Thursday, August 30, 2018

Monetary policy in the age of Amazon

Short-term nominal wage-price rigidity or sticky prices are a feature of New Keynesian models. It is also the basis for the prevailing wisdom on monetary policy actions.

Faced with a negative supply shock and attendant demand-pull inflation pressures, central banks raise rates so as to slow down the economy and reduce demand. The central bank action is motivated by the sticky price belief. But what if prices are not sticky and are increasingly responsive to economic signals?

In a paper presented at the Jackson Hole Symposium, Alberto Cavallo studied pricing behaviours for large multi-channel retailers in the US over the past ten years and shows that, especially for supply shocks, "online competition increases both the frequency of price changes and the degree of uniform prices across locations". He writes,
The evidence... suggests that competition with online retailers has increased the frequency of price changes in US retail markets... I find that traditional retailers that sell online tend to have a high degree of uniform pricing, which closely resembles the behavior of Amazon. In the cross section, the more a good competes with Amazon, the higher the degree of uniform pricing.
In simple terms, online competition is making prices more flexible and uniform even in the offline markets. In fact, it is now well documented that not only online retailers even offline retailers are resorting to uniform pricing across their stores, and there is convergence not only across stores within the same retail chain but between retailers. 

These trends have have implications for monetary policy,
For monetary policy and those interested in inflation dynamics, the implication is that retail prices are becoming less “insulated” from these common nationwide shocks. Fuel prices, exchange-rate fluctuations, or any other force affecting costs that may enter the pricing algorithms used by these firms are more likely to have a faster and larger impact on retail prices that in the past... For monetary models and empirical work, my results suggest that the focus needs to move beyond traditional nominal rigidities: labor costs, limited information, and even “decision costs” (related to inattention and the limited capacity to process data) will tend to disappear as more retailers use algorithms to make pricing decisions... The gas-price pass-through rate is 22% in a single quarter, and it rises from 19% to 28% for goods that can be easily found on Amazon. The short-run exchange-rate pass-through is 32%, and rises from 26% to 44% when a good can found on Amazon.
Yuriy Gorodnichenko, as a discussant to the Cavallo paper, offers more specific suggestions,
First, monetary policy should be more aggressive in combatting recessions. Second, central banks should likely... care less about inflation and... put a higher weight on volatility of output as more flexible prices lead to smaller distortions in the allocation of resources. Third, holding everything else constant, inflation will likely become more volatile and cyclically sensitive, more dominated by transitory shocks, and potentially more difficult to control in the short run. Fourth, central banks will possibly need to redefine their targets and operations to respond to the evolving nature of price setting in the retail sector. Perhaps, central banks will need to develop new tools to make their policies more targeted.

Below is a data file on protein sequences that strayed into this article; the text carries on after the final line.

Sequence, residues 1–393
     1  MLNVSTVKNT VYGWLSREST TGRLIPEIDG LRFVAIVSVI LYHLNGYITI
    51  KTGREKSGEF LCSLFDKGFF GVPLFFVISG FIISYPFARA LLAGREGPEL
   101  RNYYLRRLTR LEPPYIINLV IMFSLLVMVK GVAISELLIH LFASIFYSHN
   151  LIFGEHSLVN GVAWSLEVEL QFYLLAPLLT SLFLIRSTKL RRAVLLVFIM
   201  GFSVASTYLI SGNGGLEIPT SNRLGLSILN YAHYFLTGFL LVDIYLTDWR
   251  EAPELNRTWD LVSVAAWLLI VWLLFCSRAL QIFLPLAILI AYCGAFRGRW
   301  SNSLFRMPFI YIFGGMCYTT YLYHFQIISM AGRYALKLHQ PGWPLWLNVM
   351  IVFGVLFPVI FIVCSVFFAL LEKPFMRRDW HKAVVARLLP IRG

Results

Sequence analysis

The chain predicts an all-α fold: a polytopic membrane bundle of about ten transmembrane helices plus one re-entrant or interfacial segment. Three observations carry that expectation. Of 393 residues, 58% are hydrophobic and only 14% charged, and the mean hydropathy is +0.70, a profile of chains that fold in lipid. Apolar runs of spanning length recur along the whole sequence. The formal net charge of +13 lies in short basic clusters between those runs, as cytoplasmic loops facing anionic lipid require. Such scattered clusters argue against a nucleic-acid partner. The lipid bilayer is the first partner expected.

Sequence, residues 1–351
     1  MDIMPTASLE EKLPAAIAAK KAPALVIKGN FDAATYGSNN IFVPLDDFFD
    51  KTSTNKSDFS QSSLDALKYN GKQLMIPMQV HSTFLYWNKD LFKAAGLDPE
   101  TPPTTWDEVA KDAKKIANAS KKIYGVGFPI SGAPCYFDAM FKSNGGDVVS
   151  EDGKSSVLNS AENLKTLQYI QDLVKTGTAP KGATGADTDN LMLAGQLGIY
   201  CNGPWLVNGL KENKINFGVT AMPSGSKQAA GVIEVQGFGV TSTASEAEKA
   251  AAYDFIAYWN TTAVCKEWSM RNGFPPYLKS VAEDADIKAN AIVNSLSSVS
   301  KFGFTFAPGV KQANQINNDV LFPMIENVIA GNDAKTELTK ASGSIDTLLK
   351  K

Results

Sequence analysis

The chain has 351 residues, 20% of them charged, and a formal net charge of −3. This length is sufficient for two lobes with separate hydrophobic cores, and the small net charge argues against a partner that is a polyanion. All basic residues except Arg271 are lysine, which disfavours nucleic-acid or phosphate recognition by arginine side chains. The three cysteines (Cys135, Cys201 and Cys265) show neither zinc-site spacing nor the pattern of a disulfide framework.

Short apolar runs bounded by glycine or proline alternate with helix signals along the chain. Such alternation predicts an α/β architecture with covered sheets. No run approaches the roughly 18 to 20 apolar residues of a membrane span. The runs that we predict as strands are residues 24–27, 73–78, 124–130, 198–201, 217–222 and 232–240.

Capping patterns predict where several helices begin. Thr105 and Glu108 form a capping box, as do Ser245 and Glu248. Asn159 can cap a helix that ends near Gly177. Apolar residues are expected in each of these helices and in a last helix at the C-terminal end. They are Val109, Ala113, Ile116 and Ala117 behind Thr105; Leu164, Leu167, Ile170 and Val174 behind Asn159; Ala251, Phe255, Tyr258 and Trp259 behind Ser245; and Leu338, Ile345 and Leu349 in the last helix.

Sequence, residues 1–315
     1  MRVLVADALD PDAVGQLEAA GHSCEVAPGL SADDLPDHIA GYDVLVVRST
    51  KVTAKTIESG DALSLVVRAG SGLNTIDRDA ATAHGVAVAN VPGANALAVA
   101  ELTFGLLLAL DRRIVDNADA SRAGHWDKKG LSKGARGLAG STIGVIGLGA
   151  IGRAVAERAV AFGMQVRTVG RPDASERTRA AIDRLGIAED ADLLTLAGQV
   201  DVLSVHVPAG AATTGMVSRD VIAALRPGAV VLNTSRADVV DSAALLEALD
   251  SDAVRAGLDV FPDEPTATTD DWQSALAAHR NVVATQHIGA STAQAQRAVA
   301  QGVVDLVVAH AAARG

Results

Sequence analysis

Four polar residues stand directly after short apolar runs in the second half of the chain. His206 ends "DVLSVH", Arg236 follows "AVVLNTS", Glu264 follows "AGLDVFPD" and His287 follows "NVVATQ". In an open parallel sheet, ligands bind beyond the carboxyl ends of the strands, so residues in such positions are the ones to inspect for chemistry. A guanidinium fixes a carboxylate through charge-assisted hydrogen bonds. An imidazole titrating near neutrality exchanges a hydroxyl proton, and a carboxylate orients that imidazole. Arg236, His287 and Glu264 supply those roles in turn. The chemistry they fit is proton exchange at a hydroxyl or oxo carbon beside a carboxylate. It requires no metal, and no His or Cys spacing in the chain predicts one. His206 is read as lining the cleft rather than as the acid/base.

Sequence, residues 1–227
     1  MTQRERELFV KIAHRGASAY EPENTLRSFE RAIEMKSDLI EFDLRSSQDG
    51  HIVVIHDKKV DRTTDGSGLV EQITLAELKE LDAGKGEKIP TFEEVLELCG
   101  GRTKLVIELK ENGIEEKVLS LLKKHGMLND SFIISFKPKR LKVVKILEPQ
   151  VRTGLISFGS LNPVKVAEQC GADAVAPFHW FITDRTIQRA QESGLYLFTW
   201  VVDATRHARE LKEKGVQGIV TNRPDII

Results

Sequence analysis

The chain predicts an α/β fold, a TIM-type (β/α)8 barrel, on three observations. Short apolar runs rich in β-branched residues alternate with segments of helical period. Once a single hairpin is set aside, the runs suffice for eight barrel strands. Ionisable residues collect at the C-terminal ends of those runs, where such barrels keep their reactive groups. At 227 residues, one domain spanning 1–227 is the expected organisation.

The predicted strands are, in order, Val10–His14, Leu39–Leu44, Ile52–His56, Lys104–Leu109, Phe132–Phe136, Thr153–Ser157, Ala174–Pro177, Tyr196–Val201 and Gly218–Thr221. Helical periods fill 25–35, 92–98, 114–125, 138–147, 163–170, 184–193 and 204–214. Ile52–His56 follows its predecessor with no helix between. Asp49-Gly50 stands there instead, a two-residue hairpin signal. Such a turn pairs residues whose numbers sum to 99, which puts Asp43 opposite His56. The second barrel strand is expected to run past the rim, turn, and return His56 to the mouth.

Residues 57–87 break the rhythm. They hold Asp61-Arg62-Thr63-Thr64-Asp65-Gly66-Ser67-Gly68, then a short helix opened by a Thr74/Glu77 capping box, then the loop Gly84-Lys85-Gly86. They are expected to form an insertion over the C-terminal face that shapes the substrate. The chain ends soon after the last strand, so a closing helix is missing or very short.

Since prices are sticky, firms, being stuck with their chosen prices for some time, incorporate more information about future inflation into their pricing decisions. Also sticky prices react to more persistent shocks and is the main driver of cross-sectional price dispersion. The objective function of central banks, by relying on a price index that overweighs sticky prices, is therefore more reliably targeting inflation expectations. But, on the contrary, if prices become more flexible, and central banks target a price index with higher-frequency changes, it may end up destabilising the economy.

At a broader macroeconomic level, this is one more evidence in support of the globalisation of inflation argument. As price transmission increases, global shocks will have a much greater impact on  domestic prices than earlier.

Equally important, flexible and uniform prices reduces the space available (for different actors) to accommodate non-uniform shocks. Sellers would not be able to lower prices in an area in response to a negative demand shock (say, a natural disaster). This can, in turn, exacerbate and prolong downturns. 

Monetary policy aside, the impact of e-commerce firms may be even greater in developing countries where the level of market fragmentation is much greater to start with. In these markets, as their penetration increases, the impact of online retailers can be far-reaching. On the one hand, lower overheads and economies of scale will provide them with the competitive advantage to supply goods at cheaper rates. On the other hand, the easily available price information from their sites will bridge information asymmetry and could create conditions that deter differential pricing and price gouging. 

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